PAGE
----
Products - Americas
Catalysts for Gasoline (Light Duty Vehicle) Engines
Since 2005, 100% of new cars sold in the United States and over 90% of all new cars sold worldwide have been equipped with a catalytic converter as the principal means of meeting emissions standards (Manufacturers of Emissions Controls Association, Clean Air Facts, The Catalytic Converter: Technology for Clean Air). The regulations controlling auto emissions in countries throughout the world have become increasingly restrictive and will continue to tighten in the future.
What is a Catalytic Converter?
A catalytic converter is a device used to convert toxic exhaust emissions from an internal combustion engine into non-toxic substances. Inside a catalytic converter, a catalyst stimulates a chemical reaction in which noxious by-products of combustion are converted to less toxic substances by dint of catalyzed chemical reactions.
The specific reactions vary with the type of catalyst installed. Most present-day vehicles that run on gasoline are fitted with a "three way" converter, so named because it converts the three main pollutants in automobile exhaust: an oxidizing reaction converts carbon monoxide (CO) and unburned hydrocarbons (HC), and a reduction reaction converts oxides of nitrogen (NOx) to produce carbon dioxide (CO2), nitrogen (N2), and water (H2O).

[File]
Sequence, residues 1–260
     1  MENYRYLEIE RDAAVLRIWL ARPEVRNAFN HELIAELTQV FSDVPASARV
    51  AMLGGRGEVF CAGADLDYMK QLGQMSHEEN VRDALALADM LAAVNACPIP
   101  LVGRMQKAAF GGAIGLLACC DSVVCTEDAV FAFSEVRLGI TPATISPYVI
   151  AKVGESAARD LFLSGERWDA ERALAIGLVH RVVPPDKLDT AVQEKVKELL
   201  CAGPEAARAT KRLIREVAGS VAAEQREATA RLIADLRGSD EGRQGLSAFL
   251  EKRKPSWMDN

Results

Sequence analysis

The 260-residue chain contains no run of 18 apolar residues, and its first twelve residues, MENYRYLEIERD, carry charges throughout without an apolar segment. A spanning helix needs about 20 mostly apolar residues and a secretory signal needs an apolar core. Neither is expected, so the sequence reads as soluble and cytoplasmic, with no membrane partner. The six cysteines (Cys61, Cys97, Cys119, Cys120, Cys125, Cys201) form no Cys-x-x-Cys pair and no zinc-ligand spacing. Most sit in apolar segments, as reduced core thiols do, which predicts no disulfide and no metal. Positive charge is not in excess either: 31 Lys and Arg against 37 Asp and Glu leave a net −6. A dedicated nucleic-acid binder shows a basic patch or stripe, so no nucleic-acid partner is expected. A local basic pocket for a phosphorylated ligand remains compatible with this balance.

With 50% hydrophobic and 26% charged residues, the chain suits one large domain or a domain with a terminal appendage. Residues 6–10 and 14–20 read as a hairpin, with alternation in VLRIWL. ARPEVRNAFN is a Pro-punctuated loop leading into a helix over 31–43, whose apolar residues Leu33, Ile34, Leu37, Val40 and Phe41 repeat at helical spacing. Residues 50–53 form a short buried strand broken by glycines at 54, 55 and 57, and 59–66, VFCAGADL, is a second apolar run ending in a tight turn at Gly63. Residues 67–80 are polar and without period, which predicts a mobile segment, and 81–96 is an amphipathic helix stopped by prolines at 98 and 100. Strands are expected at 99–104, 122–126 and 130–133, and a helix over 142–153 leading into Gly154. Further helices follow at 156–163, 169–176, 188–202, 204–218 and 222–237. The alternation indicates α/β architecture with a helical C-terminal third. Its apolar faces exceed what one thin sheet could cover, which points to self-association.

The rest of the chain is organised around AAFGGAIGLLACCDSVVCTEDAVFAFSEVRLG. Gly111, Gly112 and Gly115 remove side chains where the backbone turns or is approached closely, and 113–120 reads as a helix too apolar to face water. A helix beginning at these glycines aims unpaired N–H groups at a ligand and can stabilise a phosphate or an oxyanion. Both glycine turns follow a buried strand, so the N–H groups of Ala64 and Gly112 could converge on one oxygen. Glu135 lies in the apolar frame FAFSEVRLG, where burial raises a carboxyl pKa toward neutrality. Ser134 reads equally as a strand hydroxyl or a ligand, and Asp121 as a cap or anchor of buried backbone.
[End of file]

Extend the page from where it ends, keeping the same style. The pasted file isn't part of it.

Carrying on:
The first, widespread introduction of catalytic converters was in the U.S., where 1975 model year automobiles were so equipped to comply with tightening U.S. Environmental Protection Agency (EPA) regulations on automobile exhaust emissions. The catalytic converters fitted were two-way models, combining CO and unburned HC to produce CO2 and H2O.
Two-way catalytic converters of this type are now considered obsolete except on lean burn engines. Since most vehicles at the time used carburetors that provided a relatively rich air-fuel ratio, oxygen (O2) levels in the exhaust stream were, in general, insufficient for the catalytic reaction to occur. Therefore, most engines like this were also equipped with secondary, air injection systems to induct air into the exhaust stream to allow the catalyst to function.
Catalytic converters are still most commonly used on automobile exhaust systems, but are also used on generator sets, forklifts, mining equipment, trucks, buses, locomotives, airplanes, and other, engine-fitted devices. This is usually in response to government regulation, either through direct environmental regulation or through health and safety regulations.
Significantly improve catalytic performance — cost-effectively.
Our technology for light duty vehicles significantly improves catalytic performance, is highly durable and cost effective. We have developed unique, nanostructures that are extremely thermally stable and resistant to sintering.
With our catalytic converter technology, you can:
Plus, our solution is based on industry-leading, patent-protected technology and a scalable manufacturing business model.
For more information about our catalyst technologies, click here.